Eveler said people were lined up at 7 a.m., but the precinct opens at 8 a.m.
She mused that at least they only waited an hour.
Ann Neely got there at 8:15 a.m., only to wait an hour and 45 minutes. The 55-year-old said she put her car in the Dollar Tree parking lot across the busy street. She tried to vote the day before but the estimate was 2½ hours.
Greg Weigandt gave it 30 minutes in line Wednesday before giving up and heading inside to get an absentee ballot, a five-minute process. He’d also come the day before to scope the line.
He said he prefers to vote in person because “you feel like you’re distant” from the process voting at home.
Weigandt said he knows more polling places will open soon, but he’ll be out of town.
He has lived in Cobb half of his 70 years and planned to vote for Kemp.
Weigandt said he was against what he described as the"socialist agenda" of Abrams, and felt Supreme Court Justice Brett Kavanaugh was mistreated during his contentious confirmation. The process brought multiple credible sexual assault allegations against the judge, which he denied. Kemp has supported Kavanaugh, and Abrams has opposed him.
“He (Kavanaugh)was found guilty in certain eyes before due process,” said Stacey Brown, who voted for Kemp on Wednesday.
Brown, who waited an hour and 40 minutes to vote, said the way Kavanaugh’s confirmation played out was a factor in her support of Kemp.
“As a mom of a son, I’d be upset if he was treated that way,” she said.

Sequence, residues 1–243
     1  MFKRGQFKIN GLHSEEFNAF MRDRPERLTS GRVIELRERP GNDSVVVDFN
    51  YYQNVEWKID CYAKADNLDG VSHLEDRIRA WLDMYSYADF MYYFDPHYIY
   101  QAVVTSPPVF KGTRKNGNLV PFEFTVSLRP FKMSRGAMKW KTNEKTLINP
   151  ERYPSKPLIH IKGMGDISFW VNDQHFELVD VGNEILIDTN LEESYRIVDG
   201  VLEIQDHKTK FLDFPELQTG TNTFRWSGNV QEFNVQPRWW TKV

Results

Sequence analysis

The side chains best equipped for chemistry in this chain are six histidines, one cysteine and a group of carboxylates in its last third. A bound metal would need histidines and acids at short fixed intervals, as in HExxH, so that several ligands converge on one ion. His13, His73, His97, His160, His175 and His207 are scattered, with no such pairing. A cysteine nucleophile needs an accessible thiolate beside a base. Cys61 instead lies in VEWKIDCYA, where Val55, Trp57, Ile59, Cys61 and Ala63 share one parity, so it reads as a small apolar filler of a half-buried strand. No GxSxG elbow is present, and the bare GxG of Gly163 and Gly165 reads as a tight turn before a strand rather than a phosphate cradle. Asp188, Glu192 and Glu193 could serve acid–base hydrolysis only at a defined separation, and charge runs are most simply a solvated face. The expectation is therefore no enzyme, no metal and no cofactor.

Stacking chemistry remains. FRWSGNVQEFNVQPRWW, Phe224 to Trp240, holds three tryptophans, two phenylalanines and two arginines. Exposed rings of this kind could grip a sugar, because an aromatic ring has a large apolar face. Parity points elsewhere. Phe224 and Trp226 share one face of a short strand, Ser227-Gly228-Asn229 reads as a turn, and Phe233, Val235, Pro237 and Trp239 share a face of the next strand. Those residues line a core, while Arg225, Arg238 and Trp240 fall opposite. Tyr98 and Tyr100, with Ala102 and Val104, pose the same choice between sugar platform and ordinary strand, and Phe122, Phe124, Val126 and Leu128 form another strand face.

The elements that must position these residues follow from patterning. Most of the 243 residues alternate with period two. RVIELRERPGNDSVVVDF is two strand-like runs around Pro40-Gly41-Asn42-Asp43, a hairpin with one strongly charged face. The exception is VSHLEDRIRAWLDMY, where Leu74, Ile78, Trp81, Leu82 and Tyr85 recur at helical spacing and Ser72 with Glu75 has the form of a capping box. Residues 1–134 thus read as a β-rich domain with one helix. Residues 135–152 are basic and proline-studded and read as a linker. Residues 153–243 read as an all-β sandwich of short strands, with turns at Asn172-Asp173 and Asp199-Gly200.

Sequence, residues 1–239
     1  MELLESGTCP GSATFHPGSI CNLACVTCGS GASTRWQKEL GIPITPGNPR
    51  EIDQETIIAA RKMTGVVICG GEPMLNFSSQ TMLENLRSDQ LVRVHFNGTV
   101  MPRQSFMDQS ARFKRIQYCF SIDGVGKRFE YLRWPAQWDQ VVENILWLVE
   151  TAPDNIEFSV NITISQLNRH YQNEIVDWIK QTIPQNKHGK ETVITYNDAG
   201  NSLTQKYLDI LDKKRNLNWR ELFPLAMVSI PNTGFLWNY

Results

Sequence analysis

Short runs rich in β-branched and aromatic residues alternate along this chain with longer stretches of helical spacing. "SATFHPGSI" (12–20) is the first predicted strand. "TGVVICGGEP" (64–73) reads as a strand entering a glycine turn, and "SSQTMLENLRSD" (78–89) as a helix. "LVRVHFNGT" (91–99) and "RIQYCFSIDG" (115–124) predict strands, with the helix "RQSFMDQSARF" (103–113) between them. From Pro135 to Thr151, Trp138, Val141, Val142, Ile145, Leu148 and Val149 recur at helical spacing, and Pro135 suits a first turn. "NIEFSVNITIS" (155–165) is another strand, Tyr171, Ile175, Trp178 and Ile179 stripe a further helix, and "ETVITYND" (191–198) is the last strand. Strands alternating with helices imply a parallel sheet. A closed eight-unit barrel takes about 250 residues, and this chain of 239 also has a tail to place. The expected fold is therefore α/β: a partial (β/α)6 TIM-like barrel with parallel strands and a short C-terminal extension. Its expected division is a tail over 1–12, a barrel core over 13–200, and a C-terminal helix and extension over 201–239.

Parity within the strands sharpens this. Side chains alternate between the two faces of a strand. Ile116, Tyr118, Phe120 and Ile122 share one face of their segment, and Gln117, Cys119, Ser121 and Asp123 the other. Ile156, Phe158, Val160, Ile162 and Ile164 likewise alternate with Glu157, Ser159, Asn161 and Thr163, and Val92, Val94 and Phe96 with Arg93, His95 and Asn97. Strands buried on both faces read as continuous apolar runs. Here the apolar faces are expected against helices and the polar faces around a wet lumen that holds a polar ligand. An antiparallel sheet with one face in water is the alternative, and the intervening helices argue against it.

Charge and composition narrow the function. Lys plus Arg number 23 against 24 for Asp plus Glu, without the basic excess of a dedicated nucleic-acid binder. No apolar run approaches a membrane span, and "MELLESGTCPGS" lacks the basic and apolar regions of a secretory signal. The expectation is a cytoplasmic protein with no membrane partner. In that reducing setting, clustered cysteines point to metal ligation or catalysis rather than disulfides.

Kathleen Liebman, 70, tried to vote Tuesday and came back Wednesday to cast her ballot for Abrams.
Liebman said she didn’t like Kemp pointing a gun at a young man in one of his television spots.
“I just think Kemp is scary,” she said.
No matter how people voted, Eveler expects more of it. She said this level of excitement isn’t exactly on the presidential level, but it’s higher than the 2014 midterms, where 900 people cast ballots in Cobb the first day of early voting.
This time, county data shows that 1,289 people voted in person in Cobb the first day of early voting on Monday, Oct. 15. Folks waited two hours in line that day at the county's elections office in Marietta.
Ben Brasch is the reporter tasked with keeping Fulton County government accountable. The Florida native moved to Atlanta for a job with The AJC. If there's something important to you going on in Fulton, he wants to know about it. Help him better metro Atlanta by dropping a line, anonymously or otherwise.